Hunted for their horns, black rhinos nearing extinction
There’s been an explosion in the rate of rhino poaching recently, driving numbers of the beasts down to levels of near-extinction. They’re not hunted for their hides or their meat, like some animals. Black rhinos are hunted for their horns.
Commonly used in Chinese medicine, rhino horns are a hot commodity. People grind the horns into powders that are used for illnesses such as fever and rheumatism. Rhino horns are also popularly used as dagger handles in Yemen.
Lately, their price has soared – they’re currently being sold for $65,000 a kilo. That means that if a hunter poaches a rhino, its two horns (which typically weigh around 6.6 lb.) are worth roughly $191,000.
Higher prices mean more hunting, which has led to a plummeting rhino population. In addition to fewer overall black rhinos, researchers are noticing a narrower range of genes. For instance, 44 out of 64 genetic rhino lineages have disappeared completely.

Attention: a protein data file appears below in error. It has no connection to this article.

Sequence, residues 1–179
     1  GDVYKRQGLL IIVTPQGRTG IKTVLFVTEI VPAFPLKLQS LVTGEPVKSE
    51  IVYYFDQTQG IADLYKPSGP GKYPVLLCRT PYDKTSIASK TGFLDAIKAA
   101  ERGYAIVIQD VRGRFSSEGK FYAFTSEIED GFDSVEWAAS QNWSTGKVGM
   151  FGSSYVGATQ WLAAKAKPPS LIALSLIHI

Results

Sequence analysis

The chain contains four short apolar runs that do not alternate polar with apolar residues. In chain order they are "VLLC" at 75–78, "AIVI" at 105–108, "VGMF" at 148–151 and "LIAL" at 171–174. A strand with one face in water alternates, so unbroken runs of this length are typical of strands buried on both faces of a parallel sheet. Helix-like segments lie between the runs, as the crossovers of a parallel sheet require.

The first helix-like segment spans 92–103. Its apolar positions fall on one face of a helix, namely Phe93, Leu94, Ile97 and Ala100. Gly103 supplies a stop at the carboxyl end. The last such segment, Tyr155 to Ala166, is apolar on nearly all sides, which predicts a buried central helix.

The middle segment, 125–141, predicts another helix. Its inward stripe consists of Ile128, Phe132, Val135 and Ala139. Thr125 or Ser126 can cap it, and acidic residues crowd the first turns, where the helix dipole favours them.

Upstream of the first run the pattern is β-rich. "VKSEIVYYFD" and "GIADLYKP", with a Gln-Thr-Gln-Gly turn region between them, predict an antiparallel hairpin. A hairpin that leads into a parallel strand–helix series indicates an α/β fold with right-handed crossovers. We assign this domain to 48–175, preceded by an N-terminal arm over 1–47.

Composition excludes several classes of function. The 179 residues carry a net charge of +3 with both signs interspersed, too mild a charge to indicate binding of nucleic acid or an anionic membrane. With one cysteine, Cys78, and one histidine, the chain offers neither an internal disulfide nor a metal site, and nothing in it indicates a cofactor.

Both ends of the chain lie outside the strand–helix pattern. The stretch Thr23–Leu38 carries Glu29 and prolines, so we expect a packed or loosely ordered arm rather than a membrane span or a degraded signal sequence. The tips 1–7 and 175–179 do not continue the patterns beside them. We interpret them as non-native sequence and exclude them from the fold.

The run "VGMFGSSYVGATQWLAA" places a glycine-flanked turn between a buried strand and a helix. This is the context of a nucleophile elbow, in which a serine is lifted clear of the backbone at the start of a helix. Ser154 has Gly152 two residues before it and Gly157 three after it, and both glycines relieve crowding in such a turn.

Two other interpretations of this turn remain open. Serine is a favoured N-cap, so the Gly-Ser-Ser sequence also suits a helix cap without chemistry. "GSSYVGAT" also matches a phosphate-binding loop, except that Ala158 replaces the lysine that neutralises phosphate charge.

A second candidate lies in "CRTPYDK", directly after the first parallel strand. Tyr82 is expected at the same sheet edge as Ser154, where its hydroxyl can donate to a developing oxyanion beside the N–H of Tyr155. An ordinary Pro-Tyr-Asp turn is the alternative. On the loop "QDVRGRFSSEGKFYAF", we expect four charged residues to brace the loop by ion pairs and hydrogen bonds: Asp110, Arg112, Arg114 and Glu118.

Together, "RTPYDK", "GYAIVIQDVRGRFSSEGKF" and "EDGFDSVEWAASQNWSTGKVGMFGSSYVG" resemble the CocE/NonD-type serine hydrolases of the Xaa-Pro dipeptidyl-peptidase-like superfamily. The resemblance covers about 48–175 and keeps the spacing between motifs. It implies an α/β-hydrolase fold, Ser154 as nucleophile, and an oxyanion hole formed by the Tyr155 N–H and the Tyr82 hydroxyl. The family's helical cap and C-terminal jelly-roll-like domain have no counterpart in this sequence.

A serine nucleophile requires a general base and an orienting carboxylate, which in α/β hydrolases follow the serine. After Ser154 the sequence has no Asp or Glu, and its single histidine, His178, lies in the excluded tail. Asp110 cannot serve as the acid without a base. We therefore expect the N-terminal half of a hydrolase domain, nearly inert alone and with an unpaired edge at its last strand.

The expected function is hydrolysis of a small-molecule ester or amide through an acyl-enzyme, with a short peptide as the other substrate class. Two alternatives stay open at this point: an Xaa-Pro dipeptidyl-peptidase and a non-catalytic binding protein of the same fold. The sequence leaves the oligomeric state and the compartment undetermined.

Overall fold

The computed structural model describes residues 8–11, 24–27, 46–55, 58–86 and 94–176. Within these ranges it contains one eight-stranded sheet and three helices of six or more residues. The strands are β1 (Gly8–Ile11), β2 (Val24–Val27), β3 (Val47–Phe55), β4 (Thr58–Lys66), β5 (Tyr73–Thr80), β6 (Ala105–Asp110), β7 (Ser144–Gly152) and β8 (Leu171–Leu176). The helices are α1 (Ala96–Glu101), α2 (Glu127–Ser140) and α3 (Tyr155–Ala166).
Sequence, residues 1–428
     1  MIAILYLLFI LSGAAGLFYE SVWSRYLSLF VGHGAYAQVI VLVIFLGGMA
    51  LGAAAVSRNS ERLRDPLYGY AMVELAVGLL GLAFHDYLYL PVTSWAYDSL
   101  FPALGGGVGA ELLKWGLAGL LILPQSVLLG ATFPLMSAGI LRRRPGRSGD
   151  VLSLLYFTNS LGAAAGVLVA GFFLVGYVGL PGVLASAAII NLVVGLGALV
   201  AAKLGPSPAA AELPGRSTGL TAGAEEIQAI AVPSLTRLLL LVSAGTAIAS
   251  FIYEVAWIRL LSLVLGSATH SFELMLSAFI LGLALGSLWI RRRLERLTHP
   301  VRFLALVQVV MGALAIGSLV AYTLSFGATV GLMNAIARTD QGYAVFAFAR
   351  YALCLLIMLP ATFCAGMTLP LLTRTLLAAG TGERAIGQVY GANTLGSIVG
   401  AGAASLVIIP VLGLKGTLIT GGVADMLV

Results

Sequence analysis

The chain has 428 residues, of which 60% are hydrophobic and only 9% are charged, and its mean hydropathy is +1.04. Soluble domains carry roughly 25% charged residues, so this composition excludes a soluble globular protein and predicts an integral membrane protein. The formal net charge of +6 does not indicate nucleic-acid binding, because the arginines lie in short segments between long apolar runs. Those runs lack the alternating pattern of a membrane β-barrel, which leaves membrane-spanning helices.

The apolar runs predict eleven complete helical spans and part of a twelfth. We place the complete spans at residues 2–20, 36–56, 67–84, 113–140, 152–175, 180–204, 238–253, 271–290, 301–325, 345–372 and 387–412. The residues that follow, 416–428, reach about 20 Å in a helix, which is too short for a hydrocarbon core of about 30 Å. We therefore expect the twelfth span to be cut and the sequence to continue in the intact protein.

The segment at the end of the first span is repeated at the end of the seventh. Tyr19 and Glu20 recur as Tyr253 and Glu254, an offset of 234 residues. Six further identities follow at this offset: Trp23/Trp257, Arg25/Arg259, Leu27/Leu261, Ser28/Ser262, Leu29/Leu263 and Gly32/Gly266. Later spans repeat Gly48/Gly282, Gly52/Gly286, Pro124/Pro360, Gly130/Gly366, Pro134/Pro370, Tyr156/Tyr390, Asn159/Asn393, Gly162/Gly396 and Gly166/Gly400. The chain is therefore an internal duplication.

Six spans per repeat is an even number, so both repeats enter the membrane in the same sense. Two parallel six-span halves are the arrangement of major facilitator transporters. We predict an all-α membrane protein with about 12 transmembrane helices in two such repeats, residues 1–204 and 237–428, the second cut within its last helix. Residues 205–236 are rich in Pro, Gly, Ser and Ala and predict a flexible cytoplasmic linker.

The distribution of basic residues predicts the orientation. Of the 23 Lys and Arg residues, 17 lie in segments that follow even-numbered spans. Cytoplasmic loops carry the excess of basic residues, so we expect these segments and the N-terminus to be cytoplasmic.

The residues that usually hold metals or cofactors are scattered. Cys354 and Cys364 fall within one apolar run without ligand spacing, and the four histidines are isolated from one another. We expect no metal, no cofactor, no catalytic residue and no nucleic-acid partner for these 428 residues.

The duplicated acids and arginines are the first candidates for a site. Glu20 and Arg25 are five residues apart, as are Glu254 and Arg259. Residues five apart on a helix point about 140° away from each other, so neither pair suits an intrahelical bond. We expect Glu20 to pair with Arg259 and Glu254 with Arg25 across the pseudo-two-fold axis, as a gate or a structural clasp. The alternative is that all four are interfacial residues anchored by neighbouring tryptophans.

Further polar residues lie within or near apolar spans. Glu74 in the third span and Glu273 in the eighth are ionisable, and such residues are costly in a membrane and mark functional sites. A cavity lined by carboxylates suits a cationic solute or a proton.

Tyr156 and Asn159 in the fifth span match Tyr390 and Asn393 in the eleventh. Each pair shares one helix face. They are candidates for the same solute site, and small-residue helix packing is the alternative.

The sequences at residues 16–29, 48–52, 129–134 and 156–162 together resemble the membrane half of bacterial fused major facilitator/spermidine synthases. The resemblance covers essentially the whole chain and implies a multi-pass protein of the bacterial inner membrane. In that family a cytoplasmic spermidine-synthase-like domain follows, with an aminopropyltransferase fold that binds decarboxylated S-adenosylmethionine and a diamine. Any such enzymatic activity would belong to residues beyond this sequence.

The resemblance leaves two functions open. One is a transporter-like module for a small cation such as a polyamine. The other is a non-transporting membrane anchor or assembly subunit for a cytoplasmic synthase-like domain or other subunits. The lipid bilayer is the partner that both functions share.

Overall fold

Researchers like Professor Mike Bruford of Cardiff University say that unless conservation efforts are undertaken, the future is “bleak” for the black rhino. He was shaken by the team’s findings, which were published in Scientific Reports.
“The magnitude of this loss in genetic diversity really did surprise us – we did not expect it to be so profound,” he said. “The decline in the species’ genetic diversity threatens to compromise its potential to adapt in the future as the climate and African landscape changes.”
The team took DNA samples from various rhinos in order to perform DNA profiling and determine genetic diversity among the rhino populations. They hope that in addition to monitoring the dropping numbers, their research will help develop effective strategies for conservation.
“The new genetic data we have collected will allow us to identify populations of priority for conservation,” Bruford said, “giving us a better chance of preventing the species from total extinction.”